Intercultural Curricula


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Liana Borghi
Clare Hemmings

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"Hérnandez’s (1997) liberationist agenda for a transformative pedagogy, with its commitment to democracy, social justice and social change, fits well in the intercultural discourse our summer school experiments with, but we also use many other conceptual frames to analyse the turbulent effects of globalization on our late capitalist societies. Planned by “women in literature”, the school is based on the study and practice of auto/biographical storytelling: how stories are told, how we share meanings, construct narratives, use rhetorical strategies, understand body language, experience signs, read images, etc. We draw attention to the metanarratives embedded in the stories, hoping that by deconstructing them we may realize how control, power and knowledge are, and have been, re/configured, and how we can resist some of their more unwholesome pulls." Liana Borghi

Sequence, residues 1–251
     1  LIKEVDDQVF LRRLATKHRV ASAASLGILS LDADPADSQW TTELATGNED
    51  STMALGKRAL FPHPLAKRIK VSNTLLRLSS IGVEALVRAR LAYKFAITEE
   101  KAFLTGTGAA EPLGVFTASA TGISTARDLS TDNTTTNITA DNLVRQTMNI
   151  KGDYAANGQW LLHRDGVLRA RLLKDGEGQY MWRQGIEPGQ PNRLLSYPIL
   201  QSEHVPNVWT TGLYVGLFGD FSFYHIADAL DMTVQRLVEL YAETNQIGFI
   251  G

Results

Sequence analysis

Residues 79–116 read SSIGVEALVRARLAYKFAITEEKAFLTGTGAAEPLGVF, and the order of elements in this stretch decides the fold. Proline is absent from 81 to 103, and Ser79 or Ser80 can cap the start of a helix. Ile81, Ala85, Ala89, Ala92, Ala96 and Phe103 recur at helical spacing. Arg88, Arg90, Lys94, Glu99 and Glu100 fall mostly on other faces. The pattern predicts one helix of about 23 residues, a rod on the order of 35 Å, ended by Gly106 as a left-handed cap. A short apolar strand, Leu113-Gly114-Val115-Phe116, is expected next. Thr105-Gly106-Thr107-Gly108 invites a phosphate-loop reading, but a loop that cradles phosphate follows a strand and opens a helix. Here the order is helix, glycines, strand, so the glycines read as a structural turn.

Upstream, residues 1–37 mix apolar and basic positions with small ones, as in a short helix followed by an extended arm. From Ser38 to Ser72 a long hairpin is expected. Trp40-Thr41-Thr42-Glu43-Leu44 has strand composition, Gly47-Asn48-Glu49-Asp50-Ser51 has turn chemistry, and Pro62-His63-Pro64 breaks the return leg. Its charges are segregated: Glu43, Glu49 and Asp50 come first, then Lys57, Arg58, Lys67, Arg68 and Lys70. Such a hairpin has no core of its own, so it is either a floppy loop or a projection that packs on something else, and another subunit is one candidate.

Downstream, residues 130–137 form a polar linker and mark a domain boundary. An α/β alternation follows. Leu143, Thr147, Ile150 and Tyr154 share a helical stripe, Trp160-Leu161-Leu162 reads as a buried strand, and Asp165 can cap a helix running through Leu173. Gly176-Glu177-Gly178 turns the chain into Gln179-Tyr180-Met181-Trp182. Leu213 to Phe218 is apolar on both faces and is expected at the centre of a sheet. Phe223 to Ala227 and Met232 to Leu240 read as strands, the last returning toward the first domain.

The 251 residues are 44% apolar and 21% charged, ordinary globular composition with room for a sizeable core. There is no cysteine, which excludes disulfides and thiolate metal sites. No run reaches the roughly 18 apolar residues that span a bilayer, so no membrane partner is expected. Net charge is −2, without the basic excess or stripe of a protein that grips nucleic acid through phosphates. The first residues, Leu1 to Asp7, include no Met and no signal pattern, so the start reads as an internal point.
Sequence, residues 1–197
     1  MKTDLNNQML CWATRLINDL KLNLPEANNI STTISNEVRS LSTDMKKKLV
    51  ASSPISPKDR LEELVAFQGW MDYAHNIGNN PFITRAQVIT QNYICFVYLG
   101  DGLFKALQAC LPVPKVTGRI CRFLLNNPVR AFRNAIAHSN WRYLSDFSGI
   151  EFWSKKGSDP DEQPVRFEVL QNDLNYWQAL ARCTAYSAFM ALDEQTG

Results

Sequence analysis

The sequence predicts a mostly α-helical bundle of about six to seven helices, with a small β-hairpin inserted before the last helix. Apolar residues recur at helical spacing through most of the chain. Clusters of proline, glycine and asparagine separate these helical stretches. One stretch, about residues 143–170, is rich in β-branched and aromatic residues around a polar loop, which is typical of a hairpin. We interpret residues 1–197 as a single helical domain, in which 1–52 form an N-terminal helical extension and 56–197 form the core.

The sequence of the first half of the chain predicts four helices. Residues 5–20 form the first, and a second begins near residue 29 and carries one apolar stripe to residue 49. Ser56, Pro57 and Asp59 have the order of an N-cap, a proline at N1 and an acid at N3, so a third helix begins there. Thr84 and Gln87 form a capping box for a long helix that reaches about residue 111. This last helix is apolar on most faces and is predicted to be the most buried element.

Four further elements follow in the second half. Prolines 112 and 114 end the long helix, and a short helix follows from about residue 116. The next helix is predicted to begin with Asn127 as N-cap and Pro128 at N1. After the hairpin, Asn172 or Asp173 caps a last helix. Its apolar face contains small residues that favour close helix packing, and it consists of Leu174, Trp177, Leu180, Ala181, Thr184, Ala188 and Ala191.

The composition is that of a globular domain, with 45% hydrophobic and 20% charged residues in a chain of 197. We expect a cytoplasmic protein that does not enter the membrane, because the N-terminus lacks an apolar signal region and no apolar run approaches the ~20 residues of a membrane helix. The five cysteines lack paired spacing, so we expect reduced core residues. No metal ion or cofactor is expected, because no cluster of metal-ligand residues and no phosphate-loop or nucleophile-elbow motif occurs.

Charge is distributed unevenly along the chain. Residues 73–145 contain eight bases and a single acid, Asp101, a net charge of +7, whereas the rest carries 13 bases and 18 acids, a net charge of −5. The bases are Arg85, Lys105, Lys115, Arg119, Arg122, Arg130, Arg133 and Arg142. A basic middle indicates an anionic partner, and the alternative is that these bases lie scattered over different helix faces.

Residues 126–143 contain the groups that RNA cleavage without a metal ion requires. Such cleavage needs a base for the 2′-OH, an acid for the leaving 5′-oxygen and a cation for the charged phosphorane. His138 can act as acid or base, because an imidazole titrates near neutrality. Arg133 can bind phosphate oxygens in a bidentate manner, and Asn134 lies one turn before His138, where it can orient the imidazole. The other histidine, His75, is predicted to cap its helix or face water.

“How do we develop a sustainable, critical, intercultural curriculum that respects our own and others’ needs?” Clare Hemmings